The Medical Game-Changer

You have just finished watching a great movie on Netflix. However, the night is still young, and you want to watch another movie. But where to start? There are so many different genres…so many different options. Fortunately, Netflix has analyzed your viewing history and immediately recommends a movie catered to your tastes. Your movie experience continues uninterrupted, as you settle in for another “Quirky British Comedy” film.

Such predictive techniques are very common in the fields of finance and social media. Now, according to a recent study conducted by researchers at the Yale School of Medicine, these methods may soon be applicable in the hospital. Yale researcher Dr. Andrew Taylor and his team have developed a series of generalizable analytic methods that can be used to make predictions for patient care. As a proof-of-concept, they focused on sepsis, which is a potentially fatal bacterial infection. As nearly half of all hospital deaths are related to sepsis, the importance of early sepsis prediction is clear.

“The medical field is five or ten years behind other fields as far as being able to make machine-learning based, real-time predictions,” said Dr. Taylor, lead author of the study. “Considering that Facebook tailors ads to users based on previous data, one has to ask why the medical field is not doing something similar to improve patient outcomes.”

In order to predict sepsis risk, physicians commonly use clinical decision rules: a simple scoring system developed through prior studies. Based on score values, different decisions are recommended. For example, if a patient presents with a high heart rate, swelling in one leg, and shortness of breath, clinical decision scores would recommend further testing for the patient. “The problem with this is poor generalizability, because each patient is so unique and these scoring systems are developed in hospital systems with very different patient populations,” said Dr. Kennedy Hall, co-author of the study. “We decided to develop a general approach, rather than a subset of variables, that could be used to predict sepsis and other diseases.”

The specific machine learning based approach used in this study was Random Forest modeling. In this model, random subsets of patient variables are used to create a proverbial “forest of trees.” The trees then essentially vote on whether an outcome—for instance, sepsis—will happen based on the available data. “The beauty of this approach is that, instead of creating a model with four or five variables, we can now use thousands of variables that already exist in the medical health records,” said Dr. Taylor.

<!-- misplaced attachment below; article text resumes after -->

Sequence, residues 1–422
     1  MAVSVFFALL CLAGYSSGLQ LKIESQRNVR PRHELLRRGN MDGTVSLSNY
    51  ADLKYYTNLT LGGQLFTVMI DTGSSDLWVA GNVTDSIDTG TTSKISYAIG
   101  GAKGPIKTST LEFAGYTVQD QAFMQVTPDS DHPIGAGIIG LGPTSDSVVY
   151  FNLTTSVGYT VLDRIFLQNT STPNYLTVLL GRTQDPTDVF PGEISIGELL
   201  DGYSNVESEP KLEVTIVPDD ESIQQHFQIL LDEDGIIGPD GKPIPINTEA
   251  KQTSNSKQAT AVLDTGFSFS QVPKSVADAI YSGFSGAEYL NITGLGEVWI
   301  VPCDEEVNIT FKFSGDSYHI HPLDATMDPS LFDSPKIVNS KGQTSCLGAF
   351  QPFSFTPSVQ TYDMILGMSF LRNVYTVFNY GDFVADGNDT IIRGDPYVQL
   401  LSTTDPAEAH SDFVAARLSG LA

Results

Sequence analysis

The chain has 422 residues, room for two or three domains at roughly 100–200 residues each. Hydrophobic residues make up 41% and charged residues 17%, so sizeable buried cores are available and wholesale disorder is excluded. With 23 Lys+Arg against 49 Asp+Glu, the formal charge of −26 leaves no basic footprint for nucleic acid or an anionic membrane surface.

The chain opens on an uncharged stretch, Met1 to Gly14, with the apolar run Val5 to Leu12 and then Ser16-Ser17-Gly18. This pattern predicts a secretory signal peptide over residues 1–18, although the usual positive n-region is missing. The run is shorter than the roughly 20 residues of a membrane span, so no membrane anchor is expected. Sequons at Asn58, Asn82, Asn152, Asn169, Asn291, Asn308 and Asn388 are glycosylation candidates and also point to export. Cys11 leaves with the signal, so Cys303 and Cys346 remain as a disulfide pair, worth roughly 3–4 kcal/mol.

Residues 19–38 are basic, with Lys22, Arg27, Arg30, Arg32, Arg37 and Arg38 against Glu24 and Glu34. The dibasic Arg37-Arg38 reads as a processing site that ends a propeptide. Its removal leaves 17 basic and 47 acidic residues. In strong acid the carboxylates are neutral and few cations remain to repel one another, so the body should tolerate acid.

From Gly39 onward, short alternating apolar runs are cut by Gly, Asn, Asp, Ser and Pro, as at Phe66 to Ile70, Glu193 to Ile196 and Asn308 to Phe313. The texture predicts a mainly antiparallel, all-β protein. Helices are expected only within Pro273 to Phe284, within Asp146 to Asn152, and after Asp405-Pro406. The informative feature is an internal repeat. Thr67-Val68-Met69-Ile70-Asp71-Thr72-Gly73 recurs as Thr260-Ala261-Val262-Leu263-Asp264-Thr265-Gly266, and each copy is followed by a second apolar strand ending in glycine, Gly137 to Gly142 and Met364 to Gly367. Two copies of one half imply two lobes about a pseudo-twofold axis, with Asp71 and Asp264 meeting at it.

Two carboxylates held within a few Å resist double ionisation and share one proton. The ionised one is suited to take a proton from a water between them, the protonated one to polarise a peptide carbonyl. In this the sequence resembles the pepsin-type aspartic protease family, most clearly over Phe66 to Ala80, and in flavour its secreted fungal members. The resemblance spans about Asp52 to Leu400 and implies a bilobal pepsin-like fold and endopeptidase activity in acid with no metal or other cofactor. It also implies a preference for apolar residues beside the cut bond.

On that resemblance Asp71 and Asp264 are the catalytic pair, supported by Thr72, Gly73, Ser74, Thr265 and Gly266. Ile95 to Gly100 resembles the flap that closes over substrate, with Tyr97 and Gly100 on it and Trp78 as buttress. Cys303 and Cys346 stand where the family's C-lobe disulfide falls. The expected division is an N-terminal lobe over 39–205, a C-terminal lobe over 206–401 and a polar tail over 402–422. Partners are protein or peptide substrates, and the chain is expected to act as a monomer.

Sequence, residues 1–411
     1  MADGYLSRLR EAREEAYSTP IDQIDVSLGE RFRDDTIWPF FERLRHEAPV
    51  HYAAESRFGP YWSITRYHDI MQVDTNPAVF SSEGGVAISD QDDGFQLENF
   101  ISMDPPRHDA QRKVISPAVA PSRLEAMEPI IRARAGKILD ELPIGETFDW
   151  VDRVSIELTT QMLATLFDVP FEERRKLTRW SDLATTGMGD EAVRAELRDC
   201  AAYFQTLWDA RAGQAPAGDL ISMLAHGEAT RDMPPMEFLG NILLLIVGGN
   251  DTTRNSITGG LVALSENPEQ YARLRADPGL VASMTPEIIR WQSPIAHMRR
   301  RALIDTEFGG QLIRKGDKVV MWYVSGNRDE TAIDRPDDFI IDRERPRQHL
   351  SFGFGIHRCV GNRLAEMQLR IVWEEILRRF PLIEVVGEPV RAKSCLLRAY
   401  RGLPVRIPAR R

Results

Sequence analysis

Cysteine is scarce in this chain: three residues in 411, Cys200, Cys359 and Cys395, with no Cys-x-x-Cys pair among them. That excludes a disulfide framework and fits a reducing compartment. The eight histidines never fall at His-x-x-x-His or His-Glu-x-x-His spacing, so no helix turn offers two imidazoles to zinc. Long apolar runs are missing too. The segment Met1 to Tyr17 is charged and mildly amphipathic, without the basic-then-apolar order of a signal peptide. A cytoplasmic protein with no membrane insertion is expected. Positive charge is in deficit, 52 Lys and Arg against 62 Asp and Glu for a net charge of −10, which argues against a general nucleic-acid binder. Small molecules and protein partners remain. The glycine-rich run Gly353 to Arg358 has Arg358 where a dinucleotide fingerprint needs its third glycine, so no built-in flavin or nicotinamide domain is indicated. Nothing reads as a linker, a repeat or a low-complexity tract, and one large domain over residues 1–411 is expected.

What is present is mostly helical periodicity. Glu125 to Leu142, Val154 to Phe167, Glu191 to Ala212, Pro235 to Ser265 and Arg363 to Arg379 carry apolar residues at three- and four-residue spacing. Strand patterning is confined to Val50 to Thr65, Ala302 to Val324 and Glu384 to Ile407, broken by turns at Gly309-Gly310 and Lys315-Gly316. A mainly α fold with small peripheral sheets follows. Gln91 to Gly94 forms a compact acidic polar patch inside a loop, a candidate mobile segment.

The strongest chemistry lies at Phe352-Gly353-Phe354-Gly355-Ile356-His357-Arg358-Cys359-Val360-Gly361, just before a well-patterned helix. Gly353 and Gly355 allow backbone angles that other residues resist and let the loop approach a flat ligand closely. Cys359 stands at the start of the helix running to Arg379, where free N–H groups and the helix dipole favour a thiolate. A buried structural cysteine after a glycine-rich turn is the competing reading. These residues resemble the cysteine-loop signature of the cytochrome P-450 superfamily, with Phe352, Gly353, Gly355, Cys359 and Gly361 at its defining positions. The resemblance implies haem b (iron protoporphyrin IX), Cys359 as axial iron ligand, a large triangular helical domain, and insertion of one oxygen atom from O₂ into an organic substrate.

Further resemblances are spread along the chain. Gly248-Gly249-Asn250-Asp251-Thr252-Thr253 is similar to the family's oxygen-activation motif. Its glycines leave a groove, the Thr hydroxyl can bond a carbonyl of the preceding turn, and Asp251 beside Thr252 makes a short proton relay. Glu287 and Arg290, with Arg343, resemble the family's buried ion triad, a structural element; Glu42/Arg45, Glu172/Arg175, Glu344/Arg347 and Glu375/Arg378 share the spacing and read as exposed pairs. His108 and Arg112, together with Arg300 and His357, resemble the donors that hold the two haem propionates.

Upon comparison with existing prediction models, including several clinical decision rules, Random Forest significantly outperformed the competition. Translated to real numbers, this means that annually, hundreds of additional patients in a hospital can be correctly identified for risk of death from sepsis.

The research team envisions a future where hospitals use analytic methods that are adaptable to their own patient populations. This is a new way of thinking. Instead of developing one specific model, the team proposes that autonomous methods should be developed and shared so that hospitals can learn from their own patients and improve care.

The Random Forest model developed by Taylor and his team can predict the risk of sepsis, commonly called blood poisoning. These are unaffected, healthy red blood cells.
The Random Forest model developed by Taylor and his team can predict the risk of sepsis, commonly called blood poisoning. These are unaffected, healthy red blood cells.

Unfortunately, these predictive techniques have not trickled into the mainstream yet. There is still some reluctance in the medical field to accept the “black box” approach of using machines instead of people. However, Dr. Taylor and Dr. Hall believe that these models should aid, rather than supplant, physician judgment. “We must give up some power to the more versatile and accurate ‘black box’ approach,” said Dr. Hall.

Now having established a proof-of-concept, Dr. Taylor and Dr. Hall are looking for new ways to optimize their approach and extend it to other patient care domains. “The next step is implementation in the hospital,” said Dr. Taylor. “In the next few years, we hope to move from theory to practice and make real differences in patients’ lives.”